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Microsoft to switch cloud SQL Server from Web APIs to relational one

Changes will give developers more control over manipulating data, ease porting apps to the cloud

By Eric Lai
March 10, 2009 12:00 PM ET

Computerworld - Microsoft Corp. said today that its upcoming hosted database service will switch from standard Web programming interfaces to the same relational one used by its on-premise counterpart.

The software maker said it will give developers more control over manipulating data as well as make it easier for them to port existing database applications to the cloud.

SQL Server Data Services (SDS) will connect to database applications via Tabular Data Stream (TDS), the same protocol used by SQL Server, according to a posting at Microsoft's Data Platform Insider blog.

TDS is compatible with Transact-SQL (T-SQL), a proprietary version of the SQL language long used by database developers to write applications for every major database. T-SQL works with SQL Server and Sybase Corp.'s Adaptive Server Enterprise.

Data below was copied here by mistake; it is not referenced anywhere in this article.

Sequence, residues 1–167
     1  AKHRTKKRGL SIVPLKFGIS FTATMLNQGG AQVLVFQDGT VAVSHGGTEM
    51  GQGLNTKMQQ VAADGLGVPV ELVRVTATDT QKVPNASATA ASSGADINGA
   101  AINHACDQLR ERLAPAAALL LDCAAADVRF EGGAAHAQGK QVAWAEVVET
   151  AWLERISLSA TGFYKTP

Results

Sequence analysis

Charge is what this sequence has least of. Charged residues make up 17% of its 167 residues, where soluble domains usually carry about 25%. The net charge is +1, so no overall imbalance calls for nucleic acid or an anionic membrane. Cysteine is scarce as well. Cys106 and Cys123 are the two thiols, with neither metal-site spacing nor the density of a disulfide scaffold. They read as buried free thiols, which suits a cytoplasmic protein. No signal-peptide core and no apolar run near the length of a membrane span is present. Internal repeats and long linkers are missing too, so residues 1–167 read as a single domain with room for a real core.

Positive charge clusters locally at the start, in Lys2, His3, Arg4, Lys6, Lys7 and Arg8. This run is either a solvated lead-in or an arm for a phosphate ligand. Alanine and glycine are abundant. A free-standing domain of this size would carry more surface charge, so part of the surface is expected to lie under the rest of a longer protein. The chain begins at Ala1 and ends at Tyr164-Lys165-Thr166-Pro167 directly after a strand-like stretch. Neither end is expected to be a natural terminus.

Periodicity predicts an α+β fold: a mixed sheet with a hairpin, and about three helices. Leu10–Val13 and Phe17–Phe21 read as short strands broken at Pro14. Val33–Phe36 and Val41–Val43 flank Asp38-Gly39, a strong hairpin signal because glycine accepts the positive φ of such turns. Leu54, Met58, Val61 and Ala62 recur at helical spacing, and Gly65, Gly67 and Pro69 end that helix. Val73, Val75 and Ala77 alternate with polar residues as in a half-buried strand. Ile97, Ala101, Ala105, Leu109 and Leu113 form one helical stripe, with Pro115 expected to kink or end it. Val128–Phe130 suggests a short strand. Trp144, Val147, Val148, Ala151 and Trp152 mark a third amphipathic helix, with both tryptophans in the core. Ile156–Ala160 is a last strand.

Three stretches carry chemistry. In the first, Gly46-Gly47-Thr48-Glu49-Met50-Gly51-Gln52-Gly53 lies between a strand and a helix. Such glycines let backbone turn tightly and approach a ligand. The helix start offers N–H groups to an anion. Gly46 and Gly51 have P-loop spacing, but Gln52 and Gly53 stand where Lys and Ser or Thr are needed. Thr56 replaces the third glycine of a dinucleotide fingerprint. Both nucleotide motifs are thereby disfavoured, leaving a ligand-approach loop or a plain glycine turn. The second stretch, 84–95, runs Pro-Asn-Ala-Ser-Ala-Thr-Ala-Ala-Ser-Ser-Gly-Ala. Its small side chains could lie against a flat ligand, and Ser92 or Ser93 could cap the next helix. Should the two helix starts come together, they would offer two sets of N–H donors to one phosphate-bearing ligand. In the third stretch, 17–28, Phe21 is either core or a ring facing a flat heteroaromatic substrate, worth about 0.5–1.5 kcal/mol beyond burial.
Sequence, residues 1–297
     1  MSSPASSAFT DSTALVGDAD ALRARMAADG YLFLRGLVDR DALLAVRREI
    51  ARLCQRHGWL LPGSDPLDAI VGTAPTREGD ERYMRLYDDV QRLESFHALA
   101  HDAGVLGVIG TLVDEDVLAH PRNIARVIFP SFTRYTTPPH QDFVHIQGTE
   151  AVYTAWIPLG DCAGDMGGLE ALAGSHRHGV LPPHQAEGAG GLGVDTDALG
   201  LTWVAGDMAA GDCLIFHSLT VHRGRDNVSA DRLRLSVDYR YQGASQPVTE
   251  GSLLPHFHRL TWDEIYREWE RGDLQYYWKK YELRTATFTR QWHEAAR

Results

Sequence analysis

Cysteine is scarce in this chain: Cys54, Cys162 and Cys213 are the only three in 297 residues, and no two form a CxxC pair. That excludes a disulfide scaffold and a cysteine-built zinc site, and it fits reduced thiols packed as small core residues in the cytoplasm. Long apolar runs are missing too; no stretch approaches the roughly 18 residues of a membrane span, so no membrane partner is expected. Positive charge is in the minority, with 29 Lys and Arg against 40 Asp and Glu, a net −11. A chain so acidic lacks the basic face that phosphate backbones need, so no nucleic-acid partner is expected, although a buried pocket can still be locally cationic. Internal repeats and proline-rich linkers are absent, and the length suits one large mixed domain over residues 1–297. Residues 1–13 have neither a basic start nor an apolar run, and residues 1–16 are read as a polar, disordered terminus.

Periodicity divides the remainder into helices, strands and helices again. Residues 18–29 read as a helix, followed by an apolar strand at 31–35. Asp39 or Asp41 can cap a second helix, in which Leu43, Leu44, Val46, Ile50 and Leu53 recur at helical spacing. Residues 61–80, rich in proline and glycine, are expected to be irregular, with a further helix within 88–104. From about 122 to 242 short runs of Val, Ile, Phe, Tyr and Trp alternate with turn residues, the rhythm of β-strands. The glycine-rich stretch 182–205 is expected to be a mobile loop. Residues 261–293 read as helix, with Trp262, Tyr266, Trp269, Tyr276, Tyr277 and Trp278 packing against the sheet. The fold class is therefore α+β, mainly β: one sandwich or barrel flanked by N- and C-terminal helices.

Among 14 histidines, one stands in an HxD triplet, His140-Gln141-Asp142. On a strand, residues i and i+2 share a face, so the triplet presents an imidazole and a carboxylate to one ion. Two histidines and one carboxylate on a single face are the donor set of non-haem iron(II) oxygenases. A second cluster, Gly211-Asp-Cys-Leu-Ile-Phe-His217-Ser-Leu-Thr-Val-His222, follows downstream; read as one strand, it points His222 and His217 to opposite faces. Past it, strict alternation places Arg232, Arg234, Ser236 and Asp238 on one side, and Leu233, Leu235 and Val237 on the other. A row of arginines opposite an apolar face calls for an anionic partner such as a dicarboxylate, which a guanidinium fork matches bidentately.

The announcement confirmed a report several weeks ago that Microsoft planned to bring "full SQL Server" to its cloud service.

In testing thus far, SDS had connected to applications via general-purpose Web application programming interfaces (API) such as Representational State Transfer and Simple Object Access Protocol. Although they are popular open standards, REST and SOAP are less fine-tuned for pulling and crunching data compared with T-SQL, say the latter's advocates.

Microsoft plans to "decommission" REST and SOAP support, according to the blog. Programmers who are more comfortable with those interfaces, however, can continue to use them by "building custom services with ADO.Net Data Services" or through the table-storage feature of Microsoft's application-hosting platform, Windows Azure, according to the blog.

SDS with TDS support will be available as a public community technical preview by the middle of this year, and it will launched in the second half of the year.

Read more about Databases in Computerworld's Databases Topic Center.



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